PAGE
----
Here is how it explains the politicization of climate science through the application of the "linear model" of science and decision making (p. 76):
[T]he political body has assigned the IPCC the role of instrument for the production of incontrovertible authority (a sort of certainty machine for univocal problem analysis) as well as of arbiter for settling political controversies about the right policy goals and the best ways to achieve them. Apparently, politicians deem science capable of calculating objectively, reliably and validly what the right climate policy is and how (with which optimal combination of options) is must be implemented. As a direct consequence, the political conflict about climate change and the underlying ideological conflicts (e.g. about free markets versus government intervention) are now deeply embedded in the field of climate science itself. To put it bluntly: if you want to exert influence on policy choices, given this division of roles it is most effective to do it through science. (Think of policy choices such as: What is the best stabilisation level or reduction goal? Can this be optimally realised with nuclear energy, wind energy or underground CO2 storage?) After all, science has always been given pre-eminence to make such calculations. This has contributed to a strong polarisation and politicisation of the scientific debate.The linear model holds that once people agree on the facts, then coming to agreement on action follows. Similarly, under the linear model, lack of agreement on facts among competing political interests is viewed as an obstacle to action (for discussion of the linear model see Chapter 6 in The Honest Broker). The Rathenau report explains the resulting dynamics (pp. 76-77):
Because politicians in the Netherlands and elsewhere have embraced the linear model, climate science has ended up at the heart of the political conflict – that is, the scientific climate debate has become an important arena for political battles. As a result, diverging political visions seek justification of their position in the scientific debate. In the process, supporters of climate policies use the IPCC reports to depoliticise and thus monopolise the climate debate. They claim that the IPCC report has a preferential position in the political debate. On the other hand, opponents try to reopen the political debate by magnifying uncertainties and imperfections in climate science. This explains why in climate-sceptical blogs such as climategate.nl and klimatosoof.nl the arrow points nowadays mainly at science and not at politics. The proposal to evaluate the political procedures and practices of the IPCC also fits into this picture. The expectation behind it is that the current controversy can be settled by perfecting policy-oriented climate science. People are thus seeing scientific uncertainty as the main cause for the lack of solid justification of policy and solid support for it. This is the exact central core of the technocratic linear model for politically dealing with scientific uncertainties.The report argues that we should reject the linear model in the context of climate science (p. 79):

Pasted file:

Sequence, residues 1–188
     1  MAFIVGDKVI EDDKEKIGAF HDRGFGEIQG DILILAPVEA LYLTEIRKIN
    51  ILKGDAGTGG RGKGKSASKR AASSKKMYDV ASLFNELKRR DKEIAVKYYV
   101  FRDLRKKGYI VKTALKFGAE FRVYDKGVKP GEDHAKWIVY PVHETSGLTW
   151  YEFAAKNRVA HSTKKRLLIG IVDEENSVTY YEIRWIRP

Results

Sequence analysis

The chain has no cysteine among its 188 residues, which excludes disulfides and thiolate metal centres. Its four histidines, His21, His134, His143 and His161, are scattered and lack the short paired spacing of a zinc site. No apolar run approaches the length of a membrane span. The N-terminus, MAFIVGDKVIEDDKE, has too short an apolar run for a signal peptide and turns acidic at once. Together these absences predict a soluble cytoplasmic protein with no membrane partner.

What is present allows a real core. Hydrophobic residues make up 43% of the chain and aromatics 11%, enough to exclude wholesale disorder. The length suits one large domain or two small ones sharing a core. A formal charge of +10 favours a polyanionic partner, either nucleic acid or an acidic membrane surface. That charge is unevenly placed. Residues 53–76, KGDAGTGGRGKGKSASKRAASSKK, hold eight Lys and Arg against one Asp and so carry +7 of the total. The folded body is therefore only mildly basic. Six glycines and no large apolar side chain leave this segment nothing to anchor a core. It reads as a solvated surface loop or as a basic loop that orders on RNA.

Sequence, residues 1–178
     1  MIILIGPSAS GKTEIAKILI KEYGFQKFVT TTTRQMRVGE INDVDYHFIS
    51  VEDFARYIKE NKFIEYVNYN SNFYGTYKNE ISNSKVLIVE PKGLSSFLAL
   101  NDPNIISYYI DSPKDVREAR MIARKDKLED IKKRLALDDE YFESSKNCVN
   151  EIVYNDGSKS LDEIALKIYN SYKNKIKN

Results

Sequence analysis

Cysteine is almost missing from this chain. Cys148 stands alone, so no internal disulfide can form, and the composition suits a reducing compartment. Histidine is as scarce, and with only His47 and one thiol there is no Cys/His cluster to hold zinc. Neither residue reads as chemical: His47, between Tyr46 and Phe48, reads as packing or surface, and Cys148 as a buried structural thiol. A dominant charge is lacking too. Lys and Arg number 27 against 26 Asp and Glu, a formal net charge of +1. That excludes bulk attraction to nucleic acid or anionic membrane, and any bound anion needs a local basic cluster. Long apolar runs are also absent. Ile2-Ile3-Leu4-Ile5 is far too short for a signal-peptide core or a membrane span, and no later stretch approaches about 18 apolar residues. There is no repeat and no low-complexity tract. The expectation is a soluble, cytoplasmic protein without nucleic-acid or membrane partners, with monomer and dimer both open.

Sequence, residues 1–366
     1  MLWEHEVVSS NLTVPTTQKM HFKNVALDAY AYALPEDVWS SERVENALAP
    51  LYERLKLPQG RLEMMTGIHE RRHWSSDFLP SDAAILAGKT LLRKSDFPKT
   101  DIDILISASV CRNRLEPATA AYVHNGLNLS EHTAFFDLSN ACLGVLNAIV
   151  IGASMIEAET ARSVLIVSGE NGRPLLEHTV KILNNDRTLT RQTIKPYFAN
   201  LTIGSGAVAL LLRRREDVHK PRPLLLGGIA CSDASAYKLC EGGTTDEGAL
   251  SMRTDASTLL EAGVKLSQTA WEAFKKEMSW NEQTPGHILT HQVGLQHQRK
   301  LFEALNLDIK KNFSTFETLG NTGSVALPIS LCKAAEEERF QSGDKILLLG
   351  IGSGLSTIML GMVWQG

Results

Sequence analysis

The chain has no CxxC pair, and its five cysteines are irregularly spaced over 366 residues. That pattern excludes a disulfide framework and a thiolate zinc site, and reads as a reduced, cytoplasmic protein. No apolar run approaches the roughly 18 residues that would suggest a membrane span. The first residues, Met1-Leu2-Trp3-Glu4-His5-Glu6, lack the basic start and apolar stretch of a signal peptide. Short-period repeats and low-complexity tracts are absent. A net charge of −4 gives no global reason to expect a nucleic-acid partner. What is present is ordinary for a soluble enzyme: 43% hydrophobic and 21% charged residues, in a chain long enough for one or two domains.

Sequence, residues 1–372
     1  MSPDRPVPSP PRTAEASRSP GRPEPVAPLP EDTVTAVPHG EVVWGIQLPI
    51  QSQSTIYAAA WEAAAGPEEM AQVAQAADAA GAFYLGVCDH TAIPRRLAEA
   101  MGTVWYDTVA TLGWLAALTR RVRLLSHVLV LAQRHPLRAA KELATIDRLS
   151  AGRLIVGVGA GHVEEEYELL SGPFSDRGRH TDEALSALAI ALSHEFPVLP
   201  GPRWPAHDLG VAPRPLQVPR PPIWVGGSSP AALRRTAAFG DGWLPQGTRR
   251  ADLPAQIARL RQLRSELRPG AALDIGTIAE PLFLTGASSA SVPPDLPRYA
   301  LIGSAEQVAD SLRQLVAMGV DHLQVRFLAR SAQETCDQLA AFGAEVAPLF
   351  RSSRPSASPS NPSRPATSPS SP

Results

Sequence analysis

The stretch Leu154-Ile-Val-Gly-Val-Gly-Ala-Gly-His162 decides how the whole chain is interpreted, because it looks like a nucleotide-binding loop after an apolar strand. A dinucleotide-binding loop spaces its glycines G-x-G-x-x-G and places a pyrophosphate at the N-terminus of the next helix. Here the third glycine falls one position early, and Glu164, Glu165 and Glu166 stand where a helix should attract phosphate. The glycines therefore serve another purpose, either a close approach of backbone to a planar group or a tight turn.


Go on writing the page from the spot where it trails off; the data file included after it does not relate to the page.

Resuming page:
The basic assumption behind the linear model – that reducing scientific uncertainty is necessary to justify climate policy – does not wash either. Scientific uncertainties play a role in many terrains, and in most policy terrains these uncertainties are accepted as unavoidable. It would be better to just say goodbye to the illusion of certainty. This gives policy its primacy back, and climate science becomes depoliticised. Hence it is important for the public and political debate to clarify which political values and visions are at stake. From a deliberative vision it is those values which should give direction to science – in place of the other way around, which is what commonly occurs these days.By placing values before science, we might realize a positive vision for the future (such as this) -- one that encourages robust decision making under conditions of uncertainty and ignorance (p. 79):
In addition to doomsday predictions and exercising precaution, more desirable political scenarios for the future and the world could get a clearer spot in the climate debate, turning it into a search for societally attractive development perspectives. The transition into a sustainable society is one that beckons ecologically as well as economically speaking. A vision that is possible here fits that of a bio-based economy. Reducing our dependence on fossil fuels is interesting not only from an environmental angle but also in terms of bringing down economic vulnerability (e.g. running out of raw materials), innovation and new business impetus. Too much emphasis in the climate debate has come to lie on scientific substantiation or proof of the end of the world. Scientific knowledge can be well deployed towards depicting and developing beckoning future scenarios.The report has some good advice for the climate science community. The report will likely be received as bitter medicine for those whose authority in the climate debate depends upon playing politics through science -- a category which includes those typically characterized as skeptics and alarmists. This is one of the great ironies of the climate debate: the parties that are arrayed most diametrically on issues of climate policy share a common vision for the role of science in political debate. They are thus wedded together in a mutually-reinforcing and destructive embrace.
The Rathenau Instutute suggests that it is time to broaden our thinking at the science-policy interface (compare this discussion - PDF). They are right. Have a look:
Jeroen P. van der Sluijs, Rinie van Est and Monique Riphagen (eds.) (2010), Room for climate debate: perspectives on the interaction between climate politics, science and the media. The Hague, Rathenau Instituut. (PDF)